Skip to content

US Supreme Court redefines ‘sex’ in federal law

High court allows courts, bureaucrats to exceed their authority
Can You Guess What Organization Is Driving the Legal Attack on Harris Funeral Homes?

Video | SOTs | B-roll | Photos


WASHINGTON – The U.S. Supreme Court ruled Monday that courts and federal agencies can exceed their constitutional boundaries and redefine what “sex” means in federal law. Alliance Defending Freedom attorneys represent the Michigan funeral home at the center of the case, R.G. & G.R. Harris Funeral Homes v. Equal Employment Opportunity Commission. The dispute arose when the funeral home declined an employee’s request to violate the company’s sex-specific dress code by dressing and presenting as the opposite sex when meeting with grieving family members.

The EEOC and the American Civil Liberties Union claimed the funeral home’s decision violated Title VII—a federal law intended to ensure equal opportunities in employment regardless of a person’s race, color, religion, national origin, or sex—by redefining the word “sex” to include gender identity. The Supreme Court concluded that courts and the government may redefine that term in Title VII, even though Congress clearly did not intend that meaning when it wrote the law and is the only body with the constitutional authority to change it.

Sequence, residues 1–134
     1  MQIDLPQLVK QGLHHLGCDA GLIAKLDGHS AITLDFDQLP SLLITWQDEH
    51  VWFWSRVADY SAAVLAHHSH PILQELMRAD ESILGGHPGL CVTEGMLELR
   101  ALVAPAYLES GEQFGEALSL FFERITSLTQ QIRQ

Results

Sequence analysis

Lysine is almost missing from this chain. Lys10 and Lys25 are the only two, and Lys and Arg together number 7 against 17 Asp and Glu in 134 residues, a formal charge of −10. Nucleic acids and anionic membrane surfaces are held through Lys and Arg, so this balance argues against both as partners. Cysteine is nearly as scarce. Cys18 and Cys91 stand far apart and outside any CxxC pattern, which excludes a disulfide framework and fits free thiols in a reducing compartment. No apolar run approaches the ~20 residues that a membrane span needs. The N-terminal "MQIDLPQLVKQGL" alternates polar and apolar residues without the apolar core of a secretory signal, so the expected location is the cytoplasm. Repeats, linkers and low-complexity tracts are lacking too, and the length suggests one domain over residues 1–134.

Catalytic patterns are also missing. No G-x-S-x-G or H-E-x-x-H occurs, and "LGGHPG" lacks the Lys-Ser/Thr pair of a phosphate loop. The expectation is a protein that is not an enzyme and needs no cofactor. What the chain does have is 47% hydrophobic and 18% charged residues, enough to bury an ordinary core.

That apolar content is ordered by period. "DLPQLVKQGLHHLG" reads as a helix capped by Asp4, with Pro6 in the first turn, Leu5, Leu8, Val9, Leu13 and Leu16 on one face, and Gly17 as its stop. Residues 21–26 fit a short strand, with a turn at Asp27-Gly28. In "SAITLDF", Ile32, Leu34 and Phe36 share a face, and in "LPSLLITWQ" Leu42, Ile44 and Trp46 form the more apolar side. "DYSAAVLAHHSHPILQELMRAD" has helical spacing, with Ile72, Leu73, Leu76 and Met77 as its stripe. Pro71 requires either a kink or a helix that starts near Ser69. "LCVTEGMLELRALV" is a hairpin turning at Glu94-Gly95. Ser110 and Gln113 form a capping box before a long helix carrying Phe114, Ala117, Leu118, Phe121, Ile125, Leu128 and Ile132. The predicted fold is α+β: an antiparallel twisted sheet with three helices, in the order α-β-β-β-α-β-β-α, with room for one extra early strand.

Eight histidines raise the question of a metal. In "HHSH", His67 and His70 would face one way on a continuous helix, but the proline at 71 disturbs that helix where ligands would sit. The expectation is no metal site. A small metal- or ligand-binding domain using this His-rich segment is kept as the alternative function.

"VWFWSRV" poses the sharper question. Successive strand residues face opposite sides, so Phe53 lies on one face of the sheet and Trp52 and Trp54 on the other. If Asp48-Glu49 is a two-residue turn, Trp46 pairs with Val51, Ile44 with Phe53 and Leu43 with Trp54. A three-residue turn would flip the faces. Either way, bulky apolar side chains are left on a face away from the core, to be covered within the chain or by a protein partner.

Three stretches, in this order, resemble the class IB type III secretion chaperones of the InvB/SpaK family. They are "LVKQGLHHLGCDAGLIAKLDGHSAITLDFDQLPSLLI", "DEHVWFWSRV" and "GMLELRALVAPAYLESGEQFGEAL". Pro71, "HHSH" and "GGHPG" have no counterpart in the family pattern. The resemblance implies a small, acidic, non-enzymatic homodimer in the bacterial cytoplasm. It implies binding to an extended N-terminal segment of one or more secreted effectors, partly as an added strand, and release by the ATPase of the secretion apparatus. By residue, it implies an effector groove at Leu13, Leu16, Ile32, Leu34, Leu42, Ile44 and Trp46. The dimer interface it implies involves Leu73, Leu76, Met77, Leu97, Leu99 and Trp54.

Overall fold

ADF will host a media briefing featuring ADF Vice President of Appellate Advocacy John Bursch at 11:30 a.m. EDT (8:30 a.m. PDT) Monday. Interested media may participate online or by calling (425) 440-5100 using guest PIN 356719#.

“Americans must be able to rely on what the law says, and it is disappointing that a majority of the justices were unwilling to affirm that commonsense principle,” said ADF Vice President of Appellate Advocacy John Bursch, who served as Michigan’s solicitor general from 2011-13 and argued the case for the funeral home. “Redefining ‘sex’ to mean ‘gender identity’ will create chaos and enormous unfairness for women and girls in athletics, women’s shelters, and many other contexts. Civil rights laws that use the word ‘sex’ were put in place to protect equal opportunities for women. Allowing a court or government bureaucrats to redefine a term with such a clear and important meaning undermines those very opportunities—the ones the law was designed to protect.”

“There is only one word for what the Court has done today: legislation,” wrote Justice Samuel Alito in a strongly worded dissent from the Supreme Court’s majority opinion. “The document that the Court releases is in the form of a judicial opinion interpreting a statute, but that is deceptive.”

Alliance Defending Freedom is an alliance-building, non-profit legal organization that advocates for the right of people to freely live out their faith.


# # # | Ref. 41640